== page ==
Q. What is a living will?
A living will is a relatively new legal document which has been made necessary by the advent of recent technological advances in the field of medicine which can allow for the continued existence of a person on advanced “life support” systems long after any normal semblance of “life,” as many people considered it, has ceased.
Q. How does the living will work?
A living will provides a written declaration for an individual to make known his or her decisions on life-prolonging procedures. It declares your wishes not to be kept alive by artificial or mechanical means if you are suffering from a terminal condition and your death would be imminent without the use of such artificial means. It provides a set of instructions regarding your wishes about this important matter.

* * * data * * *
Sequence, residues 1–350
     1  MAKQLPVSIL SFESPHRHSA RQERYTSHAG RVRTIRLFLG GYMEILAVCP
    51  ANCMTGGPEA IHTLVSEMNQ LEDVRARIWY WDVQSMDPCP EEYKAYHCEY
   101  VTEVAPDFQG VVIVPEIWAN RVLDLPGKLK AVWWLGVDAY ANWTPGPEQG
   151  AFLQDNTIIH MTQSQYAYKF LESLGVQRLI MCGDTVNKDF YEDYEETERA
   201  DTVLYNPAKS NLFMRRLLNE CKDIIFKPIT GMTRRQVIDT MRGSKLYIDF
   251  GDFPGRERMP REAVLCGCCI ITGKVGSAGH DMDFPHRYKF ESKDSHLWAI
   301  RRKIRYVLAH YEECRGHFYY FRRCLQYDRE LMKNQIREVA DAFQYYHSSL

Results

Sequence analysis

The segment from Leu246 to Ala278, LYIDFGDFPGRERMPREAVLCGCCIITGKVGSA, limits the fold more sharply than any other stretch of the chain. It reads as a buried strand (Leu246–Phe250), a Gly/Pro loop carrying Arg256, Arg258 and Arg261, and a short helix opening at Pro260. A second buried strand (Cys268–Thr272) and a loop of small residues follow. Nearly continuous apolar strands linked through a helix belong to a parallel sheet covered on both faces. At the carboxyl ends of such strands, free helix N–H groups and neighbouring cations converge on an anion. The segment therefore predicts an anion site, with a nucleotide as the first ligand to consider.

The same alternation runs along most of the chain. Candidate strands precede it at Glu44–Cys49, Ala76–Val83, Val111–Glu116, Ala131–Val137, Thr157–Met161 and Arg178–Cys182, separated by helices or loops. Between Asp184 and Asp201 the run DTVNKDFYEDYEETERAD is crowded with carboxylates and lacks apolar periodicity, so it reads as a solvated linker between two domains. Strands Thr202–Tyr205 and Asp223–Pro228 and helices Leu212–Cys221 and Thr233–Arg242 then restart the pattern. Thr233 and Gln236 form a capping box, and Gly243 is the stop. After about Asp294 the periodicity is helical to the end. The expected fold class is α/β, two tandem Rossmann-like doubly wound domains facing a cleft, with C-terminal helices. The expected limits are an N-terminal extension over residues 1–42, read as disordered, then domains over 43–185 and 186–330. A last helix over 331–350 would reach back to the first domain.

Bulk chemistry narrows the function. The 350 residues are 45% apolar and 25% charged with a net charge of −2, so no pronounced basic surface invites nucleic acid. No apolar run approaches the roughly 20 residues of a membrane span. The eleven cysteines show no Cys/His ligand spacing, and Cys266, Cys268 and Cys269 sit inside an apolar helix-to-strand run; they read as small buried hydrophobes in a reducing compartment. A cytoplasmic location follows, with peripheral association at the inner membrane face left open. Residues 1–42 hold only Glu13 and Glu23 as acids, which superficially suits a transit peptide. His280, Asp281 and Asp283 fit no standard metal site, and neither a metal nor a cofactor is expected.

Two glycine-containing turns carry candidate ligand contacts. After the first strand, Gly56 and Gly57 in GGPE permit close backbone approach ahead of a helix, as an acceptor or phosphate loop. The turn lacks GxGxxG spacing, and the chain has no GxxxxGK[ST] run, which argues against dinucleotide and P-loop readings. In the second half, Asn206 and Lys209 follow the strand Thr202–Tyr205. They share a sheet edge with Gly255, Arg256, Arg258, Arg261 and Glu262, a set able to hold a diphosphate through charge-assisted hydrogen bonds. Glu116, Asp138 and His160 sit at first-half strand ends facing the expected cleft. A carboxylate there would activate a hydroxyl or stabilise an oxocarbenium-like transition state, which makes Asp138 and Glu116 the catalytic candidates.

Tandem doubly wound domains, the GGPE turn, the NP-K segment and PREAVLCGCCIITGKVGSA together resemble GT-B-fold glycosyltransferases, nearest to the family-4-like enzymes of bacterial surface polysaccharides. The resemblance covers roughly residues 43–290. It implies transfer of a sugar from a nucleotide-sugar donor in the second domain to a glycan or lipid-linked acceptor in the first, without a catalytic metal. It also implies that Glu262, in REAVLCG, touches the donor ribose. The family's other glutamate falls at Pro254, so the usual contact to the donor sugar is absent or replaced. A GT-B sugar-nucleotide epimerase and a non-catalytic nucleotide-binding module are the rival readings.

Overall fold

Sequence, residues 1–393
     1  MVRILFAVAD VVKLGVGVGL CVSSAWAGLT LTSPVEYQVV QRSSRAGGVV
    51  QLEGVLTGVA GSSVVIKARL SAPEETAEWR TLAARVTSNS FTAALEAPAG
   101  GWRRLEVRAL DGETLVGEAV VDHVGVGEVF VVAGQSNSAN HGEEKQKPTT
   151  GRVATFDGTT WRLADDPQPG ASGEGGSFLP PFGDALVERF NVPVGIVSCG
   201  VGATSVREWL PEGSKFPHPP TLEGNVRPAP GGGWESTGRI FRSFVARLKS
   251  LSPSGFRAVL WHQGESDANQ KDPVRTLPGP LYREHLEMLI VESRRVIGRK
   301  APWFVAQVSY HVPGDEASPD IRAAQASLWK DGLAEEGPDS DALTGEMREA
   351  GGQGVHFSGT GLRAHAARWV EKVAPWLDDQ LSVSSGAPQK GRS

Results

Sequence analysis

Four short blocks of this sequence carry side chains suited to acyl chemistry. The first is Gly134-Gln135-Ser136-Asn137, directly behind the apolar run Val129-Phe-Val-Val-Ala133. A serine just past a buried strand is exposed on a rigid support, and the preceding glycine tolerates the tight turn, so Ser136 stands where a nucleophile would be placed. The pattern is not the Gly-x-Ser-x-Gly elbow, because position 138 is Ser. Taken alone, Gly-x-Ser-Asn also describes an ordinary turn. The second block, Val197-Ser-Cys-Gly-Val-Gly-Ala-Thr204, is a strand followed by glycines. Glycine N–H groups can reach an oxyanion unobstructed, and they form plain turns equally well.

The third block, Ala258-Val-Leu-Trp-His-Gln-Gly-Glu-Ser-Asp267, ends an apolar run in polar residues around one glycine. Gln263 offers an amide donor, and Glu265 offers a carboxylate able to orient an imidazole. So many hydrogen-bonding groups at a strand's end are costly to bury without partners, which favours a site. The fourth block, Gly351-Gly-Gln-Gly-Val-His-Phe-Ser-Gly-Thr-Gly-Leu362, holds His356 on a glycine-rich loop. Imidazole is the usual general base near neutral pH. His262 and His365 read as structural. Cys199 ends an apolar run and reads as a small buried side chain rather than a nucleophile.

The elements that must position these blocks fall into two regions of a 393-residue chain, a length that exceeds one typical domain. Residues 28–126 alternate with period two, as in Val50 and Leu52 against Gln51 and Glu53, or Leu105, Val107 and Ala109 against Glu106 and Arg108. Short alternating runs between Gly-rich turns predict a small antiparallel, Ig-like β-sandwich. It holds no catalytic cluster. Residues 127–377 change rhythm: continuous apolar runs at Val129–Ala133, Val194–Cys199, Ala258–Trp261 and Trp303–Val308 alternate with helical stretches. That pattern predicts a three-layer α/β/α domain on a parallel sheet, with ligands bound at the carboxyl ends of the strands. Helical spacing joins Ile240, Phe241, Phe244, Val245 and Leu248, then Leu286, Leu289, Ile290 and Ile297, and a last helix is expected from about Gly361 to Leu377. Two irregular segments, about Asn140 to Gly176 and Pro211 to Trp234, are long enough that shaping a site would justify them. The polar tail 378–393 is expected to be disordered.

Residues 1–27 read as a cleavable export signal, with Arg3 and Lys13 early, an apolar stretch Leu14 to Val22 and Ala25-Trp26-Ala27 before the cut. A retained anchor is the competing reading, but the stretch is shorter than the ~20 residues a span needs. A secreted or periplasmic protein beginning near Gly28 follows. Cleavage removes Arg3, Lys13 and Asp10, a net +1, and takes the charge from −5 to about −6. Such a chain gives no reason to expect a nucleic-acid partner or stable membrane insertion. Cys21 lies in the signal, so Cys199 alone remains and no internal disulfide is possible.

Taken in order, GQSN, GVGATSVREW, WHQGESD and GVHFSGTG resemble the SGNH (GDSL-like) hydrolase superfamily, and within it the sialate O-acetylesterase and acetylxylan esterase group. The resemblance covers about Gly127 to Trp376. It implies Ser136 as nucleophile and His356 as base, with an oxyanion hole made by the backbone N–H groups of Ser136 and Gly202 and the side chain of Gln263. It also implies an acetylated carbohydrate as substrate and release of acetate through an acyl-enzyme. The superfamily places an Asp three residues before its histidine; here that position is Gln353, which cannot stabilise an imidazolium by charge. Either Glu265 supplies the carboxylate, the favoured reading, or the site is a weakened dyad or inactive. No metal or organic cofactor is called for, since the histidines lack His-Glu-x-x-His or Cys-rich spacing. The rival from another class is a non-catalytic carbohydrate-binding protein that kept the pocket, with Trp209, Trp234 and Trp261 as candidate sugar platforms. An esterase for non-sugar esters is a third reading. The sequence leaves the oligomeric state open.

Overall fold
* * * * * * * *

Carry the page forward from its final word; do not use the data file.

Q. Can anyone make a living will?
You must be at least 19 Years of age; and of “sound mind” and able to comprehend the nature of your action in signing such a document.
Q. How does the living will become a valid legal of document?
You should assemble three witnesses and a notary public to witness your signature. These witnesses should have no connection with you from a health care or beneficiary standpoint. In front of all of the witnesses and notary public you should state: “This is my living will which I am about to sign. I ask that each of you witness my signature.” After you and all witnesses have signed in the document, the final step is for the notary public to sign in the space indicated. When this step is completed, your living will is a valid legal document.
Q. Who should have a copy of my living will?
Make several copies of your living will. If appropriate, deliver a copy to your physician to have placed in your medical records file. You may also desire to give a copy to your clergy, and a copy to your spouse or other trusted relative.